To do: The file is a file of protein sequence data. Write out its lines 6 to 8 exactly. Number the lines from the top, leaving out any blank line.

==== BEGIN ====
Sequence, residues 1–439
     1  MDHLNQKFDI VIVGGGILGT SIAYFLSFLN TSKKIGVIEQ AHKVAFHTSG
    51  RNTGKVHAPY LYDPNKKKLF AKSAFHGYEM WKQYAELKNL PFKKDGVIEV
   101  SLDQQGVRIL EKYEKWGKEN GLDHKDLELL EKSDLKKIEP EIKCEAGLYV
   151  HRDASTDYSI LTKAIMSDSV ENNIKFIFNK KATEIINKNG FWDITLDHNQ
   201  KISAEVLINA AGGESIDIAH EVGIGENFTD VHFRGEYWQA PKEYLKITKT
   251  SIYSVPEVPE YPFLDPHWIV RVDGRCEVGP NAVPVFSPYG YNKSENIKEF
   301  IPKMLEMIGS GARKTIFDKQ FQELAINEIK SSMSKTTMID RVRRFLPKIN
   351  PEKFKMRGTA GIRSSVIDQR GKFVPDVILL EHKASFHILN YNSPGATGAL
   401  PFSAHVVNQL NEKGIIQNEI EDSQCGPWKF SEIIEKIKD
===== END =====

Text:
   201  KISAEVLINA AGGESIDIAH EVGIGENFTD VHFRGEYWQA PKEYLKITKT
   251  SIYSVPEVPE YPFLDPHWIV RVDGRCEVGP NAVPVFSPYG YNKSENIKEF
   301  IPKMLEMIGS GARKTIFDKQ FQELAINEIK SSMSKTTMID RVRRFLPKIN